Bush berries surge in California

04/15/2011 03:52:33 PM
Mike Hornick

WATSONVILLE, Calif. — Blueberry production is on the rise in California, where growers continue to see the whole bush berry category as a growth opportunity.

A blip on the screen a decade or so ago, blueberries hit the 3-million flat mark in 2010, said Alex Ott, executive director of the California Blueberry Commission. Michigan, the top U.S. producer, was at 3.9 million.

The same year, California produced 138 million flats of strawberries, 22.4 million of raspberries and 2.8 million of blackberries.

“The bush berry category is really on the rise,” said Cindy Jewell, director of marketing at Watsonville-based California Giant Berry Farms. “We really got into it a few years ago, but with the way blueberry plants produce, the first couple years are low-volume. Strawberries are consistent; volumes will be similar to last year. Blueberries, blackberries and raspberries are still climbing. You’re seeing more and more each year because consumption is increasing.”

As April began, California Giant was shifting blueberry and blackberry production from South America to the Golden State. Growth in South American volume for both blues and blacks was in the 15-20% range, Jewell said, and similar gains are possible in California. The company also grows in Oregon.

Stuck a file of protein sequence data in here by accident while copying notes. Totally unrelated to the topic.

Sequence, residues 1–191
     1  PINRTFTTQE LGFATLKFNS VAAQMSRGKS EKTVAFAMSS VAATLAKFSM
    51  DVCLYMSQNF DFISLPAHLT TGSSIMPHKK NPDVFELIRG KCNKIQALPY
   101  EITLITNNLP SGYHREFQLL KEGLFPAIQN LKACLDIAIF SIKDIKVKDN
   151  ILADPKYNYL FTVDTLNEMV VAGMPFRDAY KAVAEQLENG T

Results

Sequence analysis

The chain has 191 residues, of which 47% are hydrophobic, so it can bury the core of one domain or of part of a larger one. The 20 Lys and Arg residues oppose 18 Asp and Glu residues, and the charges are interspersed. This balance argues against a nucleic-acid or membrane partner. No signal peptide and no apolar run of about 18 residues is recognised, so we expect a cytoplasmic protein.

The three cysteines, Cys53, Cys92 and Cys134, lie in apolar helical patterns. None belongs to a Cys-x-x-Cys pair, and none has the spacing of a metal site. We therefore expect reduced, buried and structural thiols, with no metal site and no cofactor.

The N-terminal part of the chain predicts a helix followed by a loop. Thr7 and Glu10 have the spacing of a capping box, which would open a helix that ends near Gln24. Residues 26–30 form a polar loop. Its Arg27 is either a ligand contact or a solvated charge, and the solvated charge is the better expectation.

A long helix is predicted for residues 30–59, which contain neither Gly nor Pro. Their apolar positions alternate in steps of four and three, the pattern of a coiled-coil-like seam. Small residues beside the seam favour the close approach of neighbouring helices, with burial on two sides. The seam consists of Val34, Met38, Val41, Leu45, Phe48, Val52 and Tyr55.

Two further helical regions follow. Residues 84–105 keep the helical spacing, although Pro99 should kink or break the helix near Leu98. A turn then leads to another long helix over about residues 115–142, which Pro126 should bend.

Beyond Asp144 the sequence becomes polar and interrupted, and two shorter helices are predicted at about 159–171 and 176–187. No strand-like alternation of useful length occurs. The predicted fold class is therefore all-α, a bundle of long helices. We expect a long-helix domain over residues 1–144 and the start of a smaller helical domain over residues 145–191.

Growth in demand is due to the great press blueberries — and to a lesser extent, blackberries — have received for their antioxidants and other health benefits. That’s led to them being marketed, among other ways, as snacks for children.

California blueberries are picked April through the end of July or early August, Ott said. Heavy March rains that affected some other commodities seem to have spared blueberries, which were just starting to bloom.

“We’re concerned to see how the weather transpires, but I think we’re OK,” he said. “The blueberries were still coming out, so they weren’t really blown out.”

Raspberry and blackberry season starts in early May, Jewell said, but doesn’t kick in big until the end of May. It goes through August or September.

“Summer is really when all the berries collide,” she said. “It’s perfect timing for retailers. They can adjust the display space on a regular basis, and advertise one (commodity) while they’re featuring the whole category. The options are great that time of year to create a whole event out of their berry patch.”



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